Dead Girls Don't Lie
Jaycee didn’t answer her phone on the night her best friend Rachel was murdered, and a mysterious text she received from her haunts her. Jaycee did not answer the phone because she was hanging out with Skyler at a party and getting her first kiss. Her guilt over missing the phone calls propel her into a dangerous investigation into the dark currents in her small community in this layered thriller.
"Wolf hides the truth and villains well throughout the story, so Jaycee and readers will have trouble figuring out the mystery until the very end."
Rachel had not been Jaycee’s friend for about six months, since a New Year’s party where Rachel ended up with Evan Cross, a boy Jaycee had been crushing on for forever. After that night, Rachel changed her appearance and started hanging out with different people. Before New Year’s, the two girls had shared a secret when they visited an abandoned house, and Rachel left covered in blood. It was a house where a young Mexican teen was found murdered soon afterwards. In her text, Rachel warns Jaycee not to tell anyone about that night.
After Rachel’s funeral, Jaycee struggles to make sense of the rest of the text. It warns her to only trust E. Eduardo, an angry young farm worker in the area who gives Jaycee further messages Rachel had left for her. Jaycee begins to look in places the girls went and finds a necklace with a SD chip inside. Skyler, a photography buff, takes the chip from her and says he will help. Skyler is Evan and Sherriff Eric’s younger brother, and Jaycee needs to trust someone.
After catching her with Skyler, her father warns her not to be alone with him and gives her books on Christianity and dating to study. None of the usual rules seem to matter to Jaycee anymore, as she tries to learn about Rachel’s death. She finds herself breaking into her father’s confidential files, sneaking out to meet Skyler and going back to the abandoned house to find clues.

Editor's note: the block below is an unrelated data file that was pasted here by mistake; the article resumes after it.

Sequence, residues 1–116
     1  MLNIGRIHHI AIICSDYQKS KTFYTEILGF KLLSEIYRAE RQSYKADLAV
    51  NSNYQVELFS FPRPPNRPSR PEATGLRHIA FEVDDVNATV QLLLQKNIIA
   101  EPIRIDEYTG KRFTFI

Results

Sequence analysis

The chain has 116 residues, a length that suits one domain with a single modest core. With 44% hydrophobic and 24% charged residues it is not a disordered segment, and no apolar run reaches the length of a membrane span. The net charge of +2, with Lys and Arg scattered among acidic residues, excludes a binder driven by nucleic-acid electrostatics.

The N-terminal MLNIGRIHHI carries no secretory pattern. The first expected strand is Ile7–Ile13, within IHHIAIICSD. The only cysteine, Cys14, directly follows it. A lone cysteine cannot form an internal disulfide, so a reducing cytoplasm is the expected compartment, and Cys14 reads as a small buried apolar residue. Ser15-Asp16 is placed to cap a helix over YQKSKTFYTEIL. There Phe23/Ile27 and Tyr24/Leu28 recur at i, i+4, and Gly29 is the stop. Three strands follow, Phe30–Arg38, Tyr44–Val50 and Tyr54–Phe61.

Football players with chest carvings as part of a hazing ritual seem to be connected, especially after Jaycee discovers that Manny, the murdered teen, had one and had been trying to join the team. A set of pictures from Rachel have a football photo and a phrase “Making the Cut;” Jaycee tries to connect that practice to the tragedies. However, everyone in the town is convinced that gangs are responsible for Rachel’s death and that she was asking for trouble by hanging out with some of the Mexican families.
Layers of prejudice and guilt cloud the real issues in the town, and Jaycee puts herself in danger while uncovering the truth. Wolf hides the truth and villains well throughout the story, so Jaycee and readers will have trouble figuring out the mystery until the very end. Jaycee is realistic in her confusion and choices. A satisfying ending alleviates the dark intrigue.
Reviewed by Amy Alessio on September 16, 2013